Thank you, Mr Speaker.

And thank you to the Member for Kennedy.

He and I both represent electorates where people need to drive great distances to work, live and access healthcare.

So the eye-watering cost of petrol these days is a top of mind issue for us both.

In the year to September, petrol prices have gone up 25%.

It’s $1.62 in Wangaratta this morning, and $1.68 in Wodonga.

Unfortunately, prices are projected to stay high.

Some analysts say prices could $2 by the end of the year.

When you’re driving an hour each way to work, or for weekend footy, or to see a GP, that hurts.

Now lots of politicians are running around saying they will bring down petrol prices.

But we need to be honest with people.

The reality is there is not much any Australian Government can do to affect the price of fuel.

The reason prices are so high because the price of crude oil has gone up, and because global supply chains are under pressure as the world recovers from COVID-19.

And because Australia is almost entirely reliant on imported liquid fuels, there’s not much we can do about it.

In the year before the pandemic struck, Australia imported over 60,000 megalitres of liquid fuel, around two-thirds of our total consumption.

Australia imports our liquid fuels from countries like China, Japan, Singapore, and the UAE.

Each year, we spend almost $40 billion importing this fuel.

Australia has just two domestic oil refineries left, and the Government is forking out $2 billion over the next decade to keep these alive.

The brutal reality is that Australia has a fuel security problem.

Our entire economy, and our national security, rests on an unreliable, insecure supply of a polluting, expensive, imported product.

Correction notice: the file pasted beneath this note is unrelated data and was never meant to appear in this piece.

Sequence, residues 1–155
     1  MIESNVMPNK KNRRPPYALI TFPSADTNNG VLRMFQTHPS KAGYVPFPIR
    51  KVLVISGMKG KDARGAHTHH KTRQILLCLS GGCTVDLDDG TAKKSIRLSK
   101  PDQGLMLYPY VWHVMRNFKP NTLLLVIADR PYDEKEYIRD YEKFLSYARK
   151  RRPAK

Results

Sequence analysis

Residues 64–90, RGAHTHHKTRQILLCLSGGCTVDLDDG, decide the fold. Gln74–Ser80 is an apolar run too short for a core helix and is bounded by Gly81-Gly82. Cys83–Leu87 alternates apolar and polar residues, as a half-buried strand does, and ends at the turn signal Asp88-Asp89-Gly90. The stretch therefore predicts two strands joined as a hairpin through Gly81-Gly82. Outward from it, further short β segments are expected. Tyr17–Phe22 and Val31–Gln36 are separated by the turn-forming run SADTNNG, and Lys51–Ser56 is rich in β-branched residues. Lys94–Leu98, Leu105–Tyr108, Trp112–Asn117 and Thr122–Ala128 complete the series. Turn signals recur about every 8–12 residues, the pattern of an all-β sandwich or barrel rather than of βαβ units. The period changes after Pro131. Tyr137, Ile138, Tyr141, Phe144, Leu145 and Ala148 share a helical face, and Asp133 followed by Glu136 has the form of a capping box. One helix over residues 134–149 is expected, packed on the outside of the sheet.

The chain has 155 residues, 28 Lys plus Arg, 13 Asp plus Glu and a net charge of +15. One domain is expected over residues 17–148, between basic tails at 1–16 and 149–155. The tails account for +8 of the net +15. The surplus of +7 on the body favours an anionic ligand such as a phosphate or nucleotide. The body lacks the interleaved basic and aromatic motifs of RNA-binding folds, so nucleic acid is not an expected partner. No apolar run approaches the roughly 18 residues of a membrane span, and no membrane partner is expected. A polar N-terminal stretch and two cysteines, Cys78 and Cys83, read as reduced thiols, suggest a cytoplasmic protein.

It would take one hostile nation disrupting trade routes, or one major natural disaster disrupting our supply chains, and Australia would be left high and dry.

As we move into a more uncertain world, where petrol prices are skyrocketing, we need to make the smart decisions to guarantee sovereign energy security and protect Australians from paying through the nose.

That means renewables.

Australia is blessed with the best renewable energy resources in the world. And they are the cheapest form of power available to us.

If the Government did more to make electric cars affordable, to build the charging infrastructure we need, and to invest in renewable energy, we wouldn’t have these problems of expensive and volatile fuel supply.

You could power your car with the solar panels on your roof – and you can do it on the cheap.

If Australia generated all of our power, it would mean we are less vulnerable to the whims of other countries and global markets.

We could build our energy security on a supply of cheap, clean and locally-generated power. Power that we can never run out of.

And instead of sending $40 billion a year to offshore oil companies, we’d be sending that money into the pockets of regional Australians, because renewable energy will be generated in the regions.

We have seen in the pandemic that global supply chains can be fragile.

We have seen that those countries that can manufacture their own vaccines are in much stronger positions than those who cannot.

We have seen the behaviour of countries hoarding not only vaccines, but PPE, ventilators, and other essential medical equipment.

And yet on the critical question of our fuel security, the Government is leaving us entirely open to an increasingly uncertain world.

Let’s make our power here.

Let’s pay our farmers not foreign oil companies.

Let’s rely on cheap fuels, not expensive ones.

I call on the Government to do more to invest in renewables, and get the cost of electric vehicles down, so that everyday Australians can pay less at the bowser, and have more to spend on the important things in life.

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